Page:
13 Walter Rauschenbusch Pastored in NYC’s infamous Hell’s Kitchen, became preoccupied with social problems. Linked social work with the kingdom of God, developed the social gospel (1891-1892). Brought to Rochester by Strong in 1897. Became religious celebrity about 1907 with Christianity and the Social Crisis. Many books, became known as the “father of the social gospel.” Out of style after WWI, but continued to teach and write.


15 Baptist Congress Started out as Baptist Autumnal Conference in 1882. Annual meetings for the exchange of ideas among Baptists. Protected environment. Organizers were at least somewhat sympathetic to liberal views. Became a key venue for liberals to float their ideas without fear of reprisal.

16 Brotherhood of the Kingdom Organized in 1892 by Walter Rauschenbusch, Nathaniel Schmidt, Leighton Williams, and Samuel Batten. Met annually at Williams’s family estate near Marlborough- on-the-Hudson. Focused on developing the social gospel and encouraging each other in its implementation. Broadened into an opportunity for interchange between liberals of different denominations. Developed into a liberal strategy center.

17 William Rainey Harper Brilliant OT scholar. College graduate at 14, Ph.D. at 20. Came to Baptist Union Theological Seminary (Chicago) in 1879. Converted to liberalism during the 1880s. Taught at Yale, deeply involved in the development of Chautauqua Institution. Approached to head up the new University of Chicago in 1891. Demanded increased funding from Rockefeller. Incorporated the Baptist Union Seminary as the Divinity School of the new university. Opened in 1892.


19 New University of Chicago Organized in 1892, Baptists matching Rockefeller money. Divinity school packed with leading liberals: George Burman Foster, Ernest DeWitt Burton, Shirley Jackson Case, Gerald Birney Smith, Shailer Mathews. Aggressively evangelistic for the liberal cause. Summer schools and publications took liberalism to ordinary church members. Aggressively involved in denominational politics. Led the way in organizing the Northern Baptist Convention (1907).

20 Northern Baptists before 1907 Service Organizations: American Baptist Foreign Missions, Home Missions, Publication, Education societies, plus others. Colleges and Universities, some under state conventions. Seminaries: Newton, Hamilton (Colgate), Rochester, Crozer, Baptist Union (Chicago). Also Berkeley. State conventions and local associations. Anniversaries or May Meetings. Results: multiplied personnel, overhead; lack of coordination.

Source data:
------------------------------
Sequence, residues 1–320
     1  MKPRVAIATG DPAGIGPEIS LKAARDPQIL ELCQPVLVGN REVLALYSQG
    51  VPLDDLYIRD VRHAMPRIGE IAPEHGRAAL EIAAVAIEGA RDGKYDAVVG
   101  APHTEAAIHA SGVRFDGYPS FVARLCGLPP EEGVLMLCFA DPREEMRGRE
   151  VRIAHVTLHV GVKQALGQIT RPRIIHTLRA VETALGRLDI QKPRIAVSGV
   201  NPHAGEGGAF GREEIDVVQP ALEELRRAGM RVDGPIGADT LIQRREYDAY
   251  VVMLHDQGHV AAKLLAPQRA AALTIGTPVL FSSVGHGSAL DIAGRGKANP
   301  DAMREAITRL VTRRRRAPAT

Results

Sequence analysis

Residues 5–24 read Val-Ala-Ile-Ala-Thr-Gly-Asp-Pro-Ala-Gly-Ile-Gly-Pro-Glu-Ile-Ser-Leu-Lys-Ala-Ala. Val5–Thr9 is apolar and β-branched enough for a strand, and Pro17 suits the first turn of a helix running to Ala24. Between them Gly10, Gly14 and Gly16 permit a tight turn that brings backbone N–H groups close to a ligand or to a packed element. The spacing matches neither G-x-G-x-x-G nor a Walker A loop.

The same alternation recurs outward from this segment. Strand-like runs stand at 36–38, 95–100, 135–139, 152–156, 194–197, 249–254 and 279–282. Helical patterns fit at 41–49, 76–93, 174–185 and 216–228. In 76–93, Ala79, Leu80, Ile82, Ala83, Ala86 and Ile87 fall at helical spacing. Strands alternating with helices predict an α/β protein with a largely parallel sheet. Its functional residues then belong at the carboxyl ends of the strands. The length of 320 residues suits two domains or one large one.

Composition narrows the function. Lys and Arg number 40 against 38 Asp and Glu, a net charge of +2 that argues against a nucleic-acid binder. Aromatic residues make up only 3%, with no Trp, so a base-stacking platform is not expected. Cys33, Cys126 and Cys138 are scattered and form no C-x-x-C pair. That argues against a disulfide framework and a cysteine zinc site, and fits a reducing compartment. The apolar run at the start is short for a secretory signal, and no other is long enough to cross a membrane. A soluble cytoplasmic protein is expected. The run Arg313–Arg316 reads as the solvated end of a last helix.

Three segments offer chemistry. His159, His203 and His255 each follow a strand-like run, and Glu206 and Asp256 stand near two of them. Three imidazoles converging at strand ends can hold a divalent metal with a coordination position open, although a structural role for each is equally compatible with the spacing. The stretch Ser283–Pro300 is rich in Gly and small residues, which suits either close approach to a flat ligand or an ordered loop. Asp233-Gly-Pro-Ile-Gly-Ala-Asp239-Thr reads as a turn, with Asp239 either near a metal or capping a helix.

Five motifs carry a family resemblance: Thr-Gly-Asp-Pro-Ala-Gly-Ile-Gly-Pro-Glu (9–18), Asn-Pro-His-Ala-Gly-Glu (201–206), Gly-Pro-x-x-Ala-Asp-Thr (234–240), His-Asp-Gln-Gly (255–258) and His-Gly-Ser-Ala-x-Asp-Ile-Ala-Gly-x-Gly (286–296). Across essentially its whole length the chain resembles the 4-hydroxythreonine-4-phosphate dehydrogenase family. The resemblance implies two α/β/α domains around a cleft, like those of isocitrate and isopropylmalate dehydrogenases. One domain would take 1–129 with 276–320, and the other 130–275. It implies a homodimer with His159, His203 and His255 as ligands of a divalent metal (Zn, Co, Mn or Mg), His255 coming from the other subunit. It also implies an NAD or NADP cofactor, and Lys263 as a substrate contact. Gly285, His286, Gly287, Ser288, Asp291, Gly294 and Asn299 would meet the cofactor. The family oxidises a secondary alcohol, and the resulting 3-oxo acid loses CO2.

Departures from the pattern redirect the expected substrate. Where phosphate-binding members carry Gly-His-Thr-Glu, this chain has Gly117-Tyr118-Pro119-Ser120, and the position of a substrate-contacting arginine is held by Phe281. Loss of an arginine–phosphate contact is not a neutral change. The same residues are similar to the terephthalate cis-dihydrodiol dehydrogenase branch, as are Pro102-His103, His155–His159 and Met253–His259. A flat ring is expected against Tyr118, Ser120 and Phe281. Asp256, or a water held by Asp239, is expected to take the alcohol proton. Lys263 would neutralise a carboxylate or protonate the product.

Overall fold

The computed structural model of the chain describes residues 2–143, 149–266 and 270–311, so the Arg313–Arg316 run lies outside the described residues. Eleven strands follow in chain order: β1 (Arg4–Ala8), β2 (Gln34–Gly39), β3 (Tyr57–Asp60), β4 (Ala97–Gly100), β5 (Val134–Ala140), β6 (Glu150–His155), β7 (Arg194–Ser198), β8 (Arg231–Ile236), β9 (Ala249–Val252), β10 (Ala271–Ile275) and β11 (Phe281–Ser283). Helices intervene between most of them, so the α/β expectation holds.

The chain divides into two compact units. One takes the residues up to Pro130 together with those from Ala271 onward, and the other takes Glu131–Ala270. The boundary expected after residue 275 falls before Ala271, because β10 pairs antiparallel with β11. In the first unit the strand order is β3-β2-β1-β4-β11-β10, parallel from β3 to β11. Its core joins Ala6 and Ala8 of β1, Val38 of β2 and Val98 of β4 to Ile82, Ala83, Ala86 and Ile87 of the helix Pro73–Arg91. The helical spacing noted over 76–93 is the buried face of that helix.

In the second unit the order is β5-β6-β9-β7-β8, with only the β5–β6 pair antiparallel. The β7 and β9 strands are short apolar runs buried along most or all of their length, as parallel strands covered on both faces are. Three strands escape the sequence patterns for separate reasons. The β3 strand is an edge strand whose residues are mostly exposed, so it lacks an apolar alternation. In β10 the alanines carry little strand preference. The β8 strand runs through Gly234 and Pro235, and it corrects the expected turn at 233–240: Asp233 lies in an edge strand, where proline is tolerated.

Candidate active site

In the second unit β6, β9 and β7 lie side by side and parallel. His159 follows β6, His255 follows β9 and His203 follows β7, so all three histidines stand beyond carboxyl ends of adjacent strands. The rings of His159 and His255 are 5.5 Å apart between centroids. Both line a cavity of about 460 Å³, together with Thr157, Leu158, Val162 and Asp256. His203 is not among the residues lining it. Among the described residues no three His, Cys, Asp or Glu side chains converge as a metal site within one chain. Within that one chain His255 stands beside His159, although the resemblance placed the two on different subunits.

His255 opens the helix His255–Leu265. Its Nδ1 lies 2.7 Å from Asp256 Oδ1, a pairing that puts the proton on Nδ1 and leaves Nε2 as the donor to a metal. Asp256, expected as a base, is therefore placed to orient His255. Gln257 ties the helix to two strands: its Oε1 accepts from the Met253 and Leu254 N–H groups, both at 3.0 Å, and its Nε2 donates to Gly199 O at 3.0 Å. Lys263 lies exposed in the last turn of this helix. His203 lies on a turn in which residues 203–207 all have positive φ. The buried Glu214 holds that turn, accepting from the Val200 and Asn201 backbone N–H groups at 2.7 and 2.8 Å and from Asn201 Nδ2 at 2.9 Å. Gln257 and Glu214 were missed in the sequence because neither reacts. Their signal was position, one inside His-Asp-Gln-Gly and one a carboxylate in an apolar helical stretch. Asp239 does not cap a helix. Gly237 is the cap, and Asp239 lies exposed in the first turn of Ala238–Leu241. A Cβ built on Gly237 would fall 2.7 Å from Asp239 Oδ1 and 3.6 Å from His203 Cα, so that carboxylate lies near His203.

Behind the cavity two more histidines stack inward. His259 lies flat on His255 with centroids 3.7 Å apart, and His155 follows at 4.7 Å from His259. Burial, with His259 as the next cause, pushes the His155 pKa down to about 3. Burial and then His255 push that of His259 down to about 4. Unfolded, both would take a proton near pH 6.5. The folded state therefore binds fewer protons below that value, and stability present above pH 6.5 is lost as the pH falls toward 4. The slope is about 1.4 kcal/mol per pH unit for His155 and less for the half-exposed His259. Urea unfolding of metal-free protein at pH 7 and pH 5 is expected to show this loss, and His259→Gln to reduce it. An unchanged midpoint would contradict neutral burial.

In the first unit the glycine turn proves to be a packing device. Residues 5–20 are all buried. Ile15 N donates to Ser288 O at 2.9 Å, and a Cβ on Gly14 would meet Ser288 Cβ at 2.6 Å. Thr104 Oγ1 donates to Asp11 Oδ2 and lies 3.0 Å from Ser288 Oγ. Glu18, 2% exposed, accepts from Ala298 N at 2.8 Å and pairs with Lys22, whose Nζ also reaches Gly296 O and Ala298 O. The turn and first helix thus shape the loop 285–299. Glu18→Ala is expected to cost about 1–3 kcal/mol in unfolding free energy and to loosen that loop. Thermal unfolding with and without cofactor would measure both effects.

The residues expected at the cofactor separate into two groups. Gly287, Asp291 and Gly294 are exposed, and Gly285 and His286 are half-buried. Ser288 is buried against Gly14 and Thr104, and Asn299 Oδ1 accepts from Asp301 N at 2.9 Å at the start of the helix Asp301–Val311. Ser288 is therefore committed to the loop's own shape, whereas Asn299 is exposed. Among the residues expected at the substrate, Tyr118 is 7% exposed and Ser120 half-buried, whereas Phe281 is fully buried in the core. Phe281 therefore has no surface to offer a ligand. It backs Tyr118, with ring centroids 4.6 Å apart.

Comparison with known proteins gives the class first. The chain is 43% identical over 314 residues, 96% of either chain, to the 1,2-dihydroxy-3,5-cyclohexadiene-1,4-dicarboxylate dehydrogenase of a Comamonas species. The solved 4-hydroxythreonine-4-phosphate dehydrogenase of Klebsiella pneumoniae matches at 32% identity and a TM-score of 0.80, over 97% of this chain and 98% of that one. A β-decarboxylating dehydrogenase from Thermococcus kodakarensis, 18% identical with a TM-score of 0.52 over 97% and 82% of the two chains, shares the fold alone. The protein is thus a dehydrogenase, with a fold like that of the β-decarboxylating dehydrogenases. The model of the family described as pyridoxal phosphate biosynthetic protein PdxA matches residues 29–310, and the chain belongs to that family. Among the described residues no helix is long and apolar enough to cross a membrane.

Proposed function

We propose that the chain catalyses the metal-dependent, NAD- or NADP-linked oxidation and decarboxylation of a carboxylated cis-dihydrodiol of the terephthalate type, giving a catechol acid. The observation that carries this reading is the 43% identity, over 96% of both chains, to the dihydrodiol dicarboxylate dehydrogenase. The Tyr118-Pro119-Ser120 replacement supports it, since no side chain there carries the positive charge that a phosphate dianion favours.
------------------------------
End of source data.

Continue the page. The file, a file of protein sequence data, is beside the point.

21 The Northern Baptist Convention The leading figure of Shailer Mathews of the University of Chicago Divinity School, a prominent liberal. 1906 – Chicago Baptist Association resolution called upon the secretaries of the big three agencies (foreign, home, publication) to call a meeting. The same resolution authorized the secretary of the Chicago Association to act if the secretaries did not. The three called for a meeting in 1907, Washington, D.C. Mathews was appointed chair of the steering committee and drafted the constitution.


23 NBC Important Dates 1908 – Constitution is adopted in Oklahoma City. 1911 – Convention executives are given the vote. 1911 – Creation of the Ministers and Missionaries Benefit Board. 1911 – Merger with most of the “Randall Line” of Free Will Baptists, some of which permitted open membership. 1915 – The societies are subsumed under the convention. 1919 – Creation of the “General Board of Promotion,” a steering committee dominated by liberals and organization sympathizers.

24 Summary Before 1900, liberals were firmly entrenched in all of the seminaries. Liberals also held key administrative positions in the societies, the state conventions, and the local associations. After 1907, liberals were firmly in control of the Northern Baptist Convention and its machinery. Eventually, liberals would use the convention machinery to control the churches—even though the churches were overwhelmingly orthodox.